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Luci Corbett

Unknown
  • Post Graduate Research Student

Areas of interest

  • Soil biogeochemistry
  • Fluorometric soil enzyme activity assays
  • Acute Oak decline

Postgraduate supervision

Lead Supervisor

Professor Liz Shaw (University of Reading)

Co-supervisors

Professor Anne Verhoef (University of Reading)

Dr Elena Vanguelova (Forest Research)

Dr Sandra Denman (Forest Research) 

Research projects

Acute Oak Decline (AOD): Detecting and understanding thresholds and feedback through soil microbial process indicators

Acute oak decline (AOD) is a relatively new and specific decline syndrome threatening the

native oak species (Quercus robur and Quercus petraea) in Britain. Opportunistic pathogenic

bacteria that are likely widespread in the oak microbiome are widely accepted causal factors

for the best-known symptoms, dark bleeds on oak stems, which can lead to crown dieback

and tree death, causing much concern among land-owners regarding tree survival.

 

Forest soils are notoriously heterogenous and it has been shown that soil nutrient status differs between trees with AOD symptoms compared to those without, suggesting that changes in the controlling microbial biogeochemical process rates may either contribute to, or result from, the progression of oak decline and AOD opportunistic infection.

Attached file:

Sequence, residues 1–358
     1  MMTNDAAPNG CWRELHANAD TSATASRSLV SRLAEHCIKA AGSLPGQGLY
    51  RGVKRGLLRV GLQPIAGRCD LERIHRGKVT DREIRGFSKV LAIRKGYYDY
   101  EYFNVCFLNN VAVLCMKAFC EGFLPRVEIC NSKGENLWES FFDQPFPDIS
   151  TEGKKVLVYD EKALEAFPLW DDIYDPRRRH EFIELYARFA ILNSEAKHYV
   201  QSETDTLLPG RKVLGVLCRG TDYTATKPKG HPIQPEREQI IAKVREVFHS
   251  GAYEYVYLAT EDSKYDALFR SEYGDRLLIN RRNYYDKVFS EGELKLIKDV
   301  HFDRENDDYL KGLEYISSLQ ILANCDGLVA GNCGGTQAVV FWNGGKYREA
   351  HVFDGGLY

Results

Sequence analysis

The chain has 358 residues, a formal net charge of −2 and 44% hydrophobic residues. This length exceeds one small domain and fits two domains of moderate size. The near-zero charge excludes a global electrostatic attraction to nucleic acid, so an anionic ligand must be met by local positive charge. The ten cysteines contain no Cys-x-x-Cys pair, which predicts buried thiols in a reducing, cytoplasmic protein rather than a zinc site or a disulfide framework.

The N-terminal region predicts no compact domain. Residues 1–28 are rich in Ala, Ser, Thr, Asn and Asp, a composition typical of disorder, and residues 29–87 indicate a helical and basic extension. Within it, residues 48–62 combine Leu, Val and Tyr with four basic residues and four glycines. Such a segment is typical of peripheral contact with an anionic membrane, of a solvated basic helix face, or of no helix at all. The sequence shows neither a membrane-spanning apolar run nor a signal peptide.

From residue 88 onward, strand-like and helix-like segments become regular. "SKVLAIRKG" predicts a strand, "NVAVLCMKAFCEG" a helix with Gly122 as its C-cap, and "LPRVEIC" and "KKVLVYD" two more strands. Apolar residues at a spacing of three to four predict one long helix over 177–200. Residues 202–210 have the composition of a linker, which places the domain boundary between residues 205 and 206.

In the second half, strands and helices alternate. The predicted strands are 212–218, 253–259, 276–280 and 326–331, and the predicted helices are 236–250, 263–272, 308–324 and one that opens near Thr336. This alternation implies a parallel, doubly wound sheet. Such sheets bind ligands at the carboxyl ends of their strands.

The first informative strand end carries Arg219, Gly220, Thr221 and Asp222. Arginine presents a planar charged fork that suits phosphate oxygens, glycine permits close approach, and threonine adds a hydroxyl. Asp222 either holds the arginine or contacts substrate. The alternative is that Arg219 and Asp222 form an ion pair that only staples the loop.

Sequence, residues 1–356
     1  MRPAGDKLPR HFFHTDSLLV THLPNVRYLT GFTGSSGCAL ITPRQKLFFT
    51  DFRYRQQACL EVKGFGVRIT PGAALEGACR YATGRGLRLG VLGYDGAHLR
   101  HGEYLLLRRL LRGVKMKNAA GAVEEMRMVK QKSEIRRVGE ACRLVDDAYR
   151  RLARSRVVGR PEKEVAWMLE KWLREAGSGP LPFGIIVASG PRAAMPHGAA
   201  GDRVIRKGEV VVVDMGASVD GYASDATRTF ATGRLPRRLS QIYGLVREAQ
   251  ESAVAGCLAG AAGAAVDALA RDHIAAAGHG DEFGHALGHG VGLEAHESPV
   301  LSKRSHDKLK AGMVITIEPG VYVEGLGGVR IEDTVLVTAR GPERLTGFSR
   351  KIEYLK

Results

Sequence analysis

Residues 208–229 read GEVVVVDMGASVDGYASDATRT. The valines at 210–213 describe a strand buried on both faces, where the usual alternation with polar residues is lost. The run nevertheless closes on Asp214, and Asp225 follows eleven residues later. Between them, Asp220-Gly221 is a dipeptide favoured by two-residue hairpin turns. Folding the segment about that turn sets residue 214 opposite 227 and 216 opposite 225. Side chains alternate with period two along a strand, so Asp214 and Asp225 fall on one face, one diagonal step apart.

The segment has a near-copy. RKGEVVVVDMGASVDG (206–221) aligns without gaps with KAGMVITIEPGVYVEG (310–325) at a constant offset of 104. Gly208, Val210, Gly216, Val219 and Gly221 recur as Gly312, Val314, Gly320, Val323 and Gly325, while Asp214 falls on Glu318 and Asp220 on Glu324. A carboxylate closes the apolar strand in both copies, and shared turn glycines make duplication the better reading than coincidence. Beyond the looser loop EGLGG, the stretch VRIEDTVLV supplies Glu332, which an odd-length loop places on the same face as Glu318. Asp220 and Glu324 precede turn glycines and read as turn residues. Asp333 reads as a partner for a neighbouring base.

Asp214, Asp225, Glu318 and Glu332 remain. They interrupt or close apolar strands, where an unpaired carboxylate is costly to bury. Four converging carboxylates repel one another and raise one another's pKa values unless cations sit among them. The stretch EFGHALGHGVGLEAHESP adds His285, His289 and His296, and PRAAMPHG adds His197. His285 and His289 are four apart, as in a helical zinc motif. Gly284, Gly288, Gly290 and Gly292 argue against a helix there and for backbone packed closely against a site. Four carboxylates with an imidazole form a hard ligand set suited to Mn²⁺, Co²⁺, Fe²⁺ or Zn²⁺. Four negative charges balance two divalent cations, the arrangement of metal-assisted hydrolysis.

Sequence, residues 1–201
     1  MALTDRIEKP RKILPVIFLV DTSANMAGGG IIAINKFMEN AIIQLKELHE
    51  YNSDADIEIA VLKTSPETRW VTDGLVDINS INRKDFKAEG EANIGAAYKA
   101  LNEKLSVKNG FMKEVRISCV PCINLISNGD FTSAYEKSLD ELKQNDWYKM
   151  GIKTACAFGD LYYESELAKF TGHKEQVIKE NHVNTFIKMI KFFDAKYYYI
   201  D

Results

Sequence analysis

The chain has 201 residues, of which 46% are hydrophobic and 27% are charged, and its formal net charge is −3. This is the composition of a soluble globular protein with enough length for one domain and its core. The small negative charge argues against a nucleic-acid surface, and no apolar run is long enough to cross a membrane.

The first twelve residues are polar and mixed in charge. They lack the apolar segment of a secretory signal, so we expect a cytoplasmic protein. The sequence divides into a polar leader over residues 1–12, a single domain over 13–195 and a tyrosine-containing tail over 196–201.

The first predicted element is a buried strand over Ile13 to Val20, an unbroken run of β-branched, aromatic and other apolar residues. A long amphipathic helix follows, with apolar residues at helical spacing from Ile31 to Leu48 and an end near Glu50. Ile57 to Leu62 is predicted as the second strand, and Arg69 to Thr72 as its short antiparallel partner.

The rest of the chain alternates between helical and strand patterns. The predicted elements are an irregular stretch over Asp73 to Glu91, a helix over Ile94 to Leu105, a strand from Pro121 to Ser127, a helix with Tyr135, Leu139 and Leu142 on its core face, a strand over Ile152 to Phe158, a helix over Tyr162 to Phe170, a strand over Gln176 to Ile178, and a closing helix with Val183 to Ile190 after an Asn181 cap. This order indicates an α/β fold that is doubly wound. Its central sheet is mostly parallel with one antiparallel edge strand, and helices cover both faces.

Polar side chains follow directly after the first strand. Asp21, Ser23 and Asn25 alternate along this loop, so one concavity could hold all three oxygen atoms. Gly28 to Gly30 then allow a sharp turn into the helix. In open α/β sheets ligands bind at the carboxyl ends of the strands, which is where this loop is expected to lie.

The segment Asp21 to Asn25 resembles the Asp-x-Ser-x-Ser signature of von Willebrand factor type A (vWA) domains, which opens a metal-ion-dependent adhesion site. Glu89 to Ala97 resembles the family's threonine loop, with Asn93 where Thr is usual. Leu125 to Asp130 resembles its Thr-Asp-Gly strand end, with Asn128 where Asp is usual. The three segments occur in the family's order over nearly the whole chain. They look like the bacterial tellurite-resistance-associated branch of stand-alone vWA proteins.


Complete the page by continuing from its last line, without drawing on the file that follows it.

The main project aims are to understand

  • the process-level soil microbial biogeochemistry of trees with the AOD condition, and
  • the relationships between soil biogeochemical processes and tree physiological and environmental drivers with a focus on extracellular enzymes as sensitive indicators of soil biogeochemical change.

Background

I completed an MSc in Environmental Pollution from the University of Reading in 2020. For my MSc research project I looked at the chemistry of soils from trees with and without Acute Oak Decline symptoms.